History, Information, and Value of 1930-S St. Gaudens $20 Gold
Value of 1930-S St. Gaudens $20 Gold
While most 1930-S St. Gaudens double eagles display overall sharp to full definition, closer examination will reveal minor lack of detail along the lower obverse border. The 1930-S is almost always offered with excellent satiny or softly frosted luster. Bagmarks are plentiful and it will be extremely difficult to locate a pristine example.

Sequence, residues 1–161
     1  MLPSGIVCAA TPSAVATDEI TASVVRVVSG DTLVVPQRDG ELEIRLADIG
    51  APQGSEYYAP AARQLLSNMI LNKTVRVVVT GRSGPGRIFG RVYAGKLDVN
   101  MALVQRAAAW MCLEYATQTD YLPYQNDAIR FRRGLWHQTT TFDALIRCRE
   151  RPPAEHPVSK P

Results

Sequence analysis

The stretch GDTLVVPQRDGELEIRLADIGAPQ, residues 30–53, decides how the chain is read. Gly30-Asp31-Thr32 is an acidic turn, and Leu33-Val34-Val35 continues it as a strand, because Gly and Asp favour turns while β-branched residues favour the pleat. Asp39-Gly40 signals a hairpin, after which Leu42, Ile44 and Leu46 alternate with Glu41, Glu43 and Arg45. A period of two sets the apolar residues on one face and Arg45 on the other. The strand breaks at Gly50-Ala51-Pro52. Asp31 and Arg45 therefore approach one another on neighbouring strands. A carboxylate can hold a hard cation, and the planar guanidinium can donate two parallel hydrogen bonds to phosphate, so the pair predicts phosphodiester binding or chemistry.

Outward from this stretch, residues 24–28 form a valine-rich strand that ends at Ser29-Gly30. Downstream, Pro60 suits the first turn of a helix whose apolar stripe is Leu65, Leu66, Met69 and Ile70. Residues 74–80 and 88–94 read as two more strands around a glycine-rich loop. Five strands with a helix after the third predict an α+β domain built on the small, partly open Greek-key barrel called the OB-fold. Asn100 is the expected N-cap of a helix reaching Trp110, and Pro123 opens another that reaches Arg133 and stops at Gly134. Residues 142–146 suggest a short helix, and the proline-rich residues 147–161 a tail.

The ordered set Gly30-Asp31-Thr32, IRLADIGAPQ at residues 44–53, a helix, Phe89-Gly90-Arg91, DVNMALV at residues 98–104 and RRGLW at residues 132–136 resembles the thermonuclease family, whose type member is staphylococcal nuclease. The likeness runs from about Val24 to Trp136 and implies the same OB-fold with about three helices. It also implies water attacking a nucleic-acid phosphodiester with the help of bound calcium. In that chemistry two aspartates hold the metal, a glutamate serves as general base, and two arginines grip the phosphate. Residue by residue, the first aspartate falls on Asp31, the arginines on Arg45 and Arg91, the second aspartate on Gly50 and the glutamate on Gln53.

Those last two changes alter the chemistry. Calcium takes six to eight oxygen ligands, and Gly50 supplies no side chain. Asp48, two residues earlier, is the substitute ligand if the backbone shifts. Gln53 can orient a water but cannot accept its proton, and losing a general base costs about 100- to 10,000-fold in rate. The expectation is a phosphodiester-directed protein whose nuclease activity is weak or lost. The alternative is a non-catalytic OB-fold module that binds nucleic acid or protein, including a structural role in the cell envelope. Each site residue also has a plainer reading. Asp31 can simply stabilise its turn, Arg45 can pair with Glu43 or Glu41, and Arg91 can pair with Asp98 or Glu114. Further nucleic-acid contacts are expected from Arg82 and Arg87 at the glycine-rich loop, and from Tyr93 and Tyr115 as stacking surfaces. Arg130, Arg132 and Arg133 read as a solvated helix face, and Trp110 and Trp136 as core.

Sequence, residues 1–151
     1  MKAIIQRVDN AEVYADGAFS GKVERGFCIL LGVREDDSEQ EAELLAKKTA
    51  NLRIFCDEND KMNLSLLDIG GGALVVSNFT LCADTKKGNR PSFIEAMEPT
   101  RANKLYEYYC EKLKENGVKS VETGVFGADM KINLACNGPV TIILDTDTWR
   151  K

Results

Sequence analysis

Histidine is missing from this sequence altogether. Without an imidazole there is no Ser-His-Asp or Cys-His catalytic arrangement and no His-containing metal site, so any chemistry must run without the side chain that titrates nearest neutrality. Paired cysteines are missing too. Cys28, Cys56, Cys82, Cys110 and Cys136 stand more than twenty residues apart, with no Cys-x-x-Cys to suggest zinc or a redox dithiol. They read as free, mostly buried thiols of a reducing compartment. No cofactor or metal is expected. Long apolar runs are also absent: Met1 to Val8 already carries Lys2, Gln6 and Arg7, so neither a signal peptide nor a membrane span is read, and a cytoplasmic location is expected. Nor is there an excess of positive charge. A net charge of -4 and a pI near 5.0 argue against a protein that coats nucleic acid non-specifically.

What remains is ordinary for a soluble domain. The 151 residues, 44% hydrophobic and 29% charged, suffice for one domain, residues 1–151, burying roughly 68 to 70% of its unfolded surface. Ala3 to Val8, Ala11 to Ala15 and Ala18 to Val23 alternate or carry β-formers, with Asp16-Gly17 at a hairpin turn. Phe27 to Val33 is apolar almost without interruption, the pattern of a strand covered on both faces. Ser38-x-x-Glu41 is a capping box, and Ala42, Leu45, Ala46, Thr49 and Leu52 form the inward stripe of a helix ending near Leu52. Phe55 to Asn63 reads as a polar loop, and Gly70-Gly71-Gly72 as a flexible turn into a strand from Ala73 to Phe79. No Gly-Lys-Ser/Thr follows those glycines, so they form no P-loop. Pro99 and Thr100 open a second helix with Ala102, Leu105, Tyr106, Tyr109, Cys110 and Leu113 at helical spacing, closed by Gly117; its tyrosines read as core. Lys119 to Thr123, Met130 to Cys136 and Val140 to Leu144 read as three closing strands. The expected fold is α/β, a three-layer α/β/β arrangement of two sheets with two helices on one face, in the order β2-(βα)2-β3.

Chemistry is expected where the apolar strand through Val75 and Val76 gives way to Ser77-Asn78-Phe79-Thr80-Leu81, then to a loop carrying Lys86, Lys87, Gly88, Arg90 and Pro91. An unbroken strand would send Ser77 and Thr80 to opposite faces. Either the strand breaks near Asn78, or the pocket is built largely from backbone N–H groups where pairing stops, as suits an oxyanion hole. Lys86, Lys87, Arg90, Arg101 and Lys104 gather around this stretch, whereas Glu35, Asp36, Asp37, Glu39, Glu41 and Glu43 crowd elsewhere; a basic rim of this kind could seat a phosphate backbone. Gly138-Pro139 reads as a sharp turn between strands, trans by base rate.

The 1930-S is a major numismatic rarity, second only to the 1927-D among circulation strike Saint-Gaudens double eagles (discounting the uncollectible 1933). Few examples were used in international commerce, if any. Most 60 to 75 surviving examples were probably obtained directly from the Mint or Treasury Department before the federal government stopped paying out gold coins at face value in April 1933. Examples are fairly evenly distributed throughout the MS-60 to MS-65 grade range, although there are a few stellar pieces that have been certified MS-66 and MS-66+ by the leading third-party grading services. The National Numismatic Collection in the Smithsonian Institution contains a phenomenal 1930-S double eagle with an estimated grade of MS-68.